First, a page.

• We know many businesses lack the resources and expertise to participate in the Federal marketplace. We welcome feedback – especially by entities that are not participating in Federal contracting – to understand what steps we can take to make your participation possible.

The SEVEN stories that impact your life

  1. FedNewsRadio: GSA's new contracting policy tackles IG's concerns about management interference - “The General Services Administration is attempting to clarify to managers and vendors alike the proper approach to overseeing the schedules program. A February memo and policy is part of the way GSA's Federal Acquisition Service is trying to address a 2013 inspector general report that found examples of improper management interference on decisions by contracting officers under the schedules program.”

  2. GovExec: Feds Won’t Be Able to Escape Their TSP Debt, Even By Leaving Government - “A final rule issued by the Federal Retirement Thrift Investment Board will allow the agency -- starting May 27 -- to require private-sector employers to deduct up to 15 percent of an employee’s paycheck to pay back debts owed to the agency. The wage garnishment can continue until the debt is paid back in full.”

  3. Federal Times: Feds See Innovation Decline in Government - “Support for innovation is declining across the government, according to a report by the Partnership for Public Service released April 23. Federal employee answers to three innovation-related questions on the annual Federal Employee Viewpoint Survey dropped from 61.5 out of 100 in 2012 to 59.4 out of 100, according to the report, produced in partnership with Deloitte.”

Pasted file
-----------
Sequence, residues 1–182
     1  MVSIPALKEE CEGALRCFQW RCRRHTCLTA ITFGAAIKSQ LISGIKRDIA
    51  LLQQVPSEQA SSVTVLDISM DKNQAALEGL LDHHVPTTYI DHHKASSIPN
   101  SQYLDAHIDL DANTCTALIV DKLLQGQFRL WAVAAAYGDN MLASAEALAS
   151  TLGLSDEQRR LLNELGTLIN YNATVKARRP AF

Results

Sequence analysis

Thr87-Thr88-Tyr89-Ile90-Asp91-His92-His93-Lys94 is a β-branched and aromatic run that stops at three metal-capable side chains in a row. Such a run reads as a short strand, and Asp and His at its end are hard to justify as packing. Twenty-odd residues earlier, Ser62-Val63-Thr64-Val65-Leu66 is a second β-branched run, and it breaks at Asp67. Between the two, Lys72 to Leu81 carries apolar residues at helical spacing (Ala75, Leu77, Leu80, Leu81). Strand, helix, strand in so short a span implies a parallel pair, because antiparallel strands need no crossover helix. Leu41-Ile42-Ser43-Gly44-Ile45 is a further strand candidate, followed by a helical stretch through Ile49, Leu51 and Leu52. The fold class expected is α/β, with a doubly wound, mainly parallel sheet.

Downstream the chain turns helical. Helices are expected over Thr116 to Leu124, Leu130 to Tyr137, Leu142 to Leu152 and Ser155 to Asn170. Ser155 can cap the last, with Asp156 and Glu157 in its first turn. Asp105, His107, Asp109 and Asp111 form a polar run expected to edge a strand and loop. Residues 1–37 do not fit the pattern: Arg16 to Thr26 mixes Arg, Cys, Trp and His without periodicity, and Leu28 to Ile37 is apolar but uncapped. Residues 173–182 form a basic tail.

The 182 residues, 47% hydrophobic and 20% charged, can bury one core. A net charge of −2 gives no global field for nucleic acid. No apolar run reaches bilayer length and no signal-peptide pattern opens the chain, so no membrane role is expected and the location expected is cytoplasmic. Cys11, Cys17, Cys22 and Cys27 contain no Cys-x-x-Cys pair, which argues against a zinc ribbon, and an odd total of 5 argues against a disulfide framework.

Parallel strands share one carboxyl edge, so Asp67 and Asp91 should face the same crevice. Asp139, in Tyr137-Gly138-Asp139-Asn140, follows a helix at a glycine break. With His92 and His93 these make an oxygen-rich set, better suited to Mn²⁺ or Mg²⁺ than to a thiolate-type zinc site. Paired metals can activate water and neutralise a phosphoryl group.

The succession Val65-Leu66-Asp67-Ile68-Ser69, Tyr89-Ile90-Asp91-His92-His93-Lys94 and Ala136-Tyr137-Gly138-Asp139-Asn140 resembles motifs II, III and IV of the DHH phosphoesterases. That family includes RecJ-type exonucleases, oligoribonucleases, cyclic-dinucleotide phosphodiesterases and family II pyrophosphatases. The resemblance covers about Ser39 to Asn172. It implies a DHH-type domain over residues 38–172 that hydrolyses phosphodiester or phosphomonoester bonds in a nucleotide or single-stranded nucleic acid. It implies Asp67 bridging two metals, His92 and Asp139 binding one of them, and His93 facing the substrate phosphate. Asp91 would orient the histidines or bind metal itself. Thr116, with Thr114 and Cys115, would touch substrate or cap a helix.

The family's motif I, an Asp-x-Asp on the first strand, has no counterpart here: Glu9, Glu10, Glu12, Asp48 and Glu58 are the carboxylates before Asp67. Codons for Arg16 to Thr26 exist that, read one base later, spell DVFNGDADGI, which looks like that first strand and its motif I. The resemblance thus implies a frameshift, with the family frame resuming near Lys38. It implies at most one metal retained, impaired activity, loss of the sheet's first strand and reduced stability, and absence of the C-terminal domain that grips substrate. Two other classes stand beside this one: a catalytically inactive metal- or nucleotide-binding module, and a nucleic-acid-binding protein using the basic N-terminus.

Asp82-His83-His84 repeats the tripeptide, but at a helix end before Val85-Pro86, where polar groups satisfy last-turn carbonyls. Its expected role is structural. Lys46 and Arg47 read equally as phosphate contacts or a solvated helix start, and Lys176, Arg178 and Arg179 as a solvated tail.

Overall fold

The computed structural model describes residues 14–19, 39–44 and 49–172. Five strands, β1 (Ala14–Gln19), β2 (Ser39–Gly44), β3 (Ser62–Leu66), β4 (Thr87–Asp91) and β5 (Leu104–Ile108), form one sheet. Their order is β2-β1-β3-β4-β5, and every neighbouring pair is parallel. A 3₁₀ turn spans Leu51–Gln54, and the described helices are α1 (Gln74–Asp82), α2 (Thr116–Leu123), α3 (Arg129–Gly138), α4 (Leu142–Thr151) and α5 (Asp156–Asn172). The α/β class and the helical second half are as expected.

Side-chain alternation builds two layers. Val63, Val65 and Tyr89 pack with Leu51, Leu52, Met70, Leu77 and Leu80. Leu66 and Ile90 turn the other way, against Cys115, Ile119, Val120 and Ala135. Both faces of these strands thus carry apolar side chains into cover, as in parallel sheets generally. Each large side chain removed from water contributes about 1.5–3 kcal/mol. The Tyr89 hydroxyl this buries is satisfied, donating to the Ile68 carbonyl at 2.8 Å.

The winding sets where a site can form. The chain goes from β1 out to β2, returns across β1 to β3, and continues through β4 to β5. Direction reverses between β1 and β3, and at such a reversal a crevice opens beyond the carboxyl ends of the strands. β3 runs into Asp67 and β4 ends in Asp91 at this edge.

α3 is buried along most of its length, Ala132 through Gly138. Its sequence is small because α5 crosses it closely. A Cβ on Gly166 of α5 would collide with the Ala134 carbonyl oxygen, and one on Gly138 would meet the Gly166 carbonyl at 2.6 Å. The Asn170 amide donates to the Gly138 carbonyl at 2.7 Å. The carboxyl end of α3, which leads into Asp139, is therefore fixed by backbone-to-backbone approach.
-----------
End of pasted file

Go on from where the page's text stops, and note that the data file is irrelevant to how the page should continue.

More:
4. Federal News Radio: DHA Sets Sights on Big Savings with Joint-First Strategy - “The Defense Health Agency is predicting savings of more than $2.4 billion in the next five years by reducing duplication between the services through consolidation and common business practices.”

  5. FederalNewsRadio: Budget Pressures Shrink Federal Contract Spending by 11 Percent - “Following a year of widespread budget uncertainty, federal contract spending fell by 11 percent, according to a new analysis by Bloomberg Government. All told, agency contract spending tumbled from $516.3 billion in fiscal 2012 to $462.1 billion last year, the report found.”

  6. NextGov: New Website Helps Vets Find Jobs, Employers Search Resumes - “The Veterans Employment Center, announced Wednesday by First Lady Michelle Obama and Jill Biden, includes a resume builder and a military skills translator, according to a White House press release. It will allow employers to use either LinkedIn or a Google profile to run specific resume searches to find the precise skills they're seeking. It will also help employers track their progress toward veteran hiring goals.”